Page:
Bicentric Points

Let P be a point with trilinear coordinates alpha:beta:gamma=f(a,b,c):f(b,c,a):f(c,ab) and P^' be a point with trilinear coordinates alpha^':beta^':gamma^'=f(a,c,b):f(b,a,c):f(c,b,a) for some homogeneous function f such that |f(a,c,b)|!=|f(a,b,c)|. Then P and P^' are called bicentric points.

The best-known example of a pair of bicentric points are the first and second Brocard Points Omega and Omega^', which have trilinear coordinates c/b:a/c:b/a and b/c:c/a:a/b, respectively (Kimberling 1998, pp. 47-48).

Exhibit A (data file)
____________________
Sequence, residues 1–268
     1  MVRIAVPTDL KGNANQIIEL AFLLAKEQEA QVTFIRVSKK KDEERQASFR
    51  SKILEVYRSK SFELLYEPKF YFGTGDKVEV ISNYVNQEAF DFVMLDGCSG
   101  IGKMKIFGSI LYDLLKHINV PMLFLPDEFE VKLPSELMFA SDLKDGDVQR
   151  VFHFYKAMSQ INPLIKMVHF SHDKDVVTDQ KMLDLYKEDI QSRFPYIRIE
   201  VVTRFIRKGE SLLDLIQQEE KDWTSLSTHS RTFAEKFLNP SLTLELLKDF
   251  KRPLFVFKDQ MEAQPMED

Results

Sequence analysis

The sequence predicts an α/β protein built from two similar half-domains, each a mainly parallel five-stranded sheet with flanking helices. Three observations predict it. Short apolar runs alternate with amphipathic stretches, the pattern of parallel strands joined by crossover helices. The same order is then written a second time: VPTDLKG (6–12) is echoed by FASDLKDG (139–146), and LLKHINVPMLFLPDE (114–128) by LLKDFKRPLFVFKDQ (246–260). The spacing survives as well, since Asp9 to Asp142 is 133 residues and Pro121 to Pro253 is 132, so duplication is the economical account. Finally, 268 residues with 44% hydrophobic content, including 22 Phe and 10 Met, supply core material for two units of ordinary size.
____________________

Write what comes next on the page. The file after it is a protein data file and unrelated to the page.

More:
See also

Brocard Points, First Brocard Point, Second Brocard Point

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Kimberling, C. "Triangle Centers and Central Triangles." Congr. Numer. 129, 1-295, 1998.Kimberling, C. "Bicentric Pair of Points and Related Triangle Centers." Forum Geom. 3, 35-47, 2002., C. "Bicentric Pairs of Points."

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Bicentric Points

Cite this as:

Weisstein, Eric W. "Bicentric Points." From MathWorld--A Wolfram Web Resource.

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